This seven-part blog series is based on a symposium presented at the 2017 New Zealand Association for Research in Education conference by a group of student Warrior Researchers from Kia Aroha College in Ōtara, South Auckland.
Supported by their past principal, NZARE member Dr Ann Milne, the group of 10 Māori, Samoan and Tongan students investigated the Government’s Investing in Education Success (IES) policy and, in particular, the development within this policy of Communities of Learning|Kāhui Ako. Underpinned by critical theory, youth participatory action research, and tino rangatiratanga perspectives, the students’ research included policy analysis, engaging with literature, and interviewing and surveying students, teachers, and principals.
The Kia Aroha Warrior Researchers’ symposium was a highlight of the 2017 conference and NZARE is proud to publish the students’ research in this blog series. E ngā mana, e ngā reo, āta whakarongo ki ēnei whakaaro, ēnei werowero hoki nō tā tātou rangatahi toa.
Overview of the series:
- Post 1 (this post) provides an introduction to the work, identifying the local context and explaining the students’ research methods
- Post 2 provides the students’ critical analysis of their community in Ōtara, South Auckland, disrupting the messages commonly expressed in the media
- Post 3 provides an analysis of Kia Aroha College and how the school provides a culturally responsive and relevant learning environment for its Māori and Pasifika students
- Post 4 critiques the Communities of Learning policy and practice, identifying institutional racism and ‘inequity by design’
- Post 5 reports on interviews with Māori principals who discuss the tensions they encounter around Communities of Learning and racist education policy
- Post 6 critiques the Communities of Learning initiative against the principles that underpin the Ka Hikitia Māori education strategy, again finding evidence of racism, deficit thinking, and a lack of genuine partnership
- Post 7 shares some of the more culturally responsive practices used at Kia Aroha College and reports student voice about the Communities of Learning initiative and what Māori and Pasifika students feel would be better strategies going forward.
Jasmine Bellamy | Year 13 | Ngāti Kahu | Ngāti Kahungunu
Kia Aroha College is a decile one, Year 7 to 13 secondary school in Ōtara, South Auckland, with a designated character focused on bilingual, critically conscious, culturally responsive, social justice education.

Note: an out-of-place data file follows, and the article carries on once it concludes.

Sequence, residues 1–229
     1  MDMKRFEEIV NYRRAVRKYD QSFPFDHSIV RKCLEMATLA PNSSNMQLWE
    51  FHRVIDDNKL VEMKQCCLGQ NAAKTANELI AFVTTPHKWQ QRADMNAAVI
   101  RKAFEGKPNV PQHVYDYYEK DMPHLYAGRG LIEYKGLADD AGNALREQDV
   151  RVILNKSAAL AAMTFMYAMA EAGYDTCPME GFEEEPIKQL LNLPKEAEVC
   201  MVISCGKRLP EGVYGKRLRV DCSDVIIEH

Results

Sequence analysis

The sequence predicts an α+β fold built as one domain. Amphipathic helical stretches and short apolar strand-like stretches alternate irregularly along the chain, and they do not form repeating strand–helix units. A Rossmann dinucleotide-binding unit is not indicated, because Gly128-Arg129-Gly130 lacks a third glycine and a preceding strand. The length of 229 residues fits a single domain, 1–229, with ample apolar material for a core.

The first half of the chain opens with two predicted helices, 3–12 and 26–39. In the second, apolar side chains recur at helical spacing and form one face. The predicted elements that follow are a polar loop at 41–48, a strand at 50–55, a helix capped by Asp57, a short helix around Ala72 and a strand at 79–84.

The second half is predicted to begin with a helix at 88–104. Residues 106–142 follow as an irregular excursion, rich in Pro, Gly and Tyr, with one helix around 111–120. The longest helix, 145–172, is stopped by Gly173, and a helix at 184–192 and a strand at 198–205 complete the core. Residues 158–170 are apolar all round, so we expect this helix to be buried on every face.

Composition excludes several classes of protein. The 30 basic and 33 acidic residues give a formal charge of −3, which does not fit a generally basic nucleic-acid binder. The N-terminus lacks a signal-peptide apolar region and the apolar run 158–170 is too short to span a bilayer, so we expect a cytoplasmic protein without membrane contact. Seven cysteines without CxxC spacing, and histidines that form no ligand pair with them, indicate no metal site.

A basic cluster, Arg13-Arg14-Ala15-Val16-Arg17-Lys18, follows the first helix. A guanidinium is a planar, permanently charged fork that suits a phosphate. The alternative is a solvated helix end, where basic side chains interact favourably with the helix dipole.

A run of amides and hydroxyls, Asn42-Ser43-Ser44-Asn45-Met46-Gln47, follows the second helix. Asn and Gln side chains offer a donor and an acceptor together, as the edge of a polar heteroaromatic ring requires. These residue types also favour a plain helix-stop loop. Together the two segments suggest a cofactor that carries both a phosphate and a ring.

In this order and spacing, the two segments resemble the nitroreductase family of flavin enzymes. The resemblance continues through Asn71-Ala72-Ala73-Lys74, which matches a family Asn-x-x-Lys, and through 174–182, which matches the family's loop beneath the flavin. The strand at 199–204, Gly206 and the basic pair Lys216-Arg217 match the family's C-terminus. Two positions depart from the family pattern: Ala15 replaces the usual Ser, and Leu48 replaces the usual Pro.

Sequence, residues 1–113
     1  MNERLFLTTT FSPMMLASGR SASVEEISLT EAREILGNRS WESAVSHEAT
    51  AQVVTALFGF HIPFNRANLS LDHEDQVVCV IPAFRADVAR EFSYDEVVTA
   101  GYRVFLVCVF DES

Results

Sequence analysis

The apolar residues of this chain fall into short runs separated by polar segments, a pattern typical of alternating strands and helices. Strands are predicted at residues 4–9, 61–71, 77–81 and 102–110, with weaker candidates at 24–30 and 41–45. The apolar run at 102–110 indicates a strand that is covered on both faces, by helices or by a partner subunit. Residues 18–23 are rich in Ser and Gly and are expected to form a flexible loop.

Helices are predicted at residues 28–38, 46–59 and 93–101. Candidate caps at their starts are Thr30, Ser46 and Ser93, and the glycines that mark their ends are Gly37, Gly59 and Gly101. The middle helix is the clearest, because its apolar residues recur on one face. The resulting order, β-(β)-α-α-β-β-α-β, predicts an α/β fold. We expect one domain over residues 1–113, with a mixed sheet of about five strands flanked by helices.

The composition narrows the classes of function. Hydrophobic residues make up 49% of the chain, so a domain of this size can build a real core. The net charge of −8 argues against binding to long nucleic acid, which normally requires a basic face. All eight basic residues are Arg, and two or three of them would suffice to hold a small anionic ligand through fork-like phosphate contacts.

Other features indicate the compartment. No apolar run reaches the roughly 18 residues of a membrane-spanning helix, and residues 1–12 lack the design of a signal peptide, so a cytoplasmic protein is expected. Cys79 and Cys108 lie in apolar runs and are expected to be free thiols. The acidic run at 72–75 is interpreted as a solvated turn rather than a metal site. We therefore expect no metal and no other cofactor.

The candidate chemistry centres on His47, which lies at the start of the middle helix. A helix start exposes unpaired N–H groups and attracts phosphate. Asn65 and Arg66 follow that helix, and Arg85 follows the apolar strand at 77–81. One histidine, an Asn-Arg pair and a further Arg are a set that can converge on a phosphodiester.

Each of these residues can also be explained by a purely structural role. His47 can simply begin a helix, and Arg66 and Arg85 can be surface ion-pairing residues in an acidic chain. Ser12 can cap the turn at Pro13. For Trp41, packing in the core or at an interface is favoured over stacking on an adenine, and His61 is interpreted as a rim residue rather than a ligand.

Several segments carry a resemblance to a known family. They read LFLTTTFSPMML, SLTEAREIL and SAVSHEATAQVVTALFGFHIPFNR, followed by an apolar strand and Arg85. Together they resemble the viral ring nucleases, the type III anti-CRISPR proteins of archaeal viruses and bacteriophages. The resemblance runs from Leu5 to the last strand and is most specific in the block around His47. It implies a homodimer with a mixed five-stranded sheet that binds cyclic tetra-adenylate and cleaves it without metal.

Kia Aroha College is structured into two distinct strands: our Māori whānau, Te Whānau o Tupuranga, and Fanau Pasifika, which is made up of our Samoan and Tongan bilingual units, Lumana’i and Fonuamalu. All these groups are represented in our 2017 group of Warrior-Researchers.
In 2017, our Warrior-Researcher group decided to take another look at what the government thinks “we need” in terms of our education. The Government’s education initiative for “Communities of Learning” was an obvious choice of a policy that impacted our school and our learning —and our community. Communities of Learning are a part of Government’s Investing in Educational Success (IES) initiative to help raise the learning and achievement of all children and young people, particularly students at most risk of underachieving.
Paulo Freire (2005) claims that educators
“need to use their students’ cultural universe as points of departure, enabling students to recognize themselves as possessing a specific and important cultural identity”.
Freire thought that he couldn’t teach poor farm workers in Brazil, who were starving, to read by focusing on the words alone, without teaching them about the reasons behind their experience of hunger. We think that is a lesson schools are still struggling to learn.
Pilisi Mafi | Year 13 | Toa ko Pouvalu | Vai ko Puna
Kole ke u hufanga ‘i he ngaahi fakatapu kuo ‘osi aofaki mei mu’a ni kae ‘ata mo kita ke vahevahe atu ‘a e ongoongo lelei ‘o ‘emau ngāue. ‘Oku ou fiefia keu kau fakataha mo kimoutolu ‘i he konifelenisi ko ‘eni.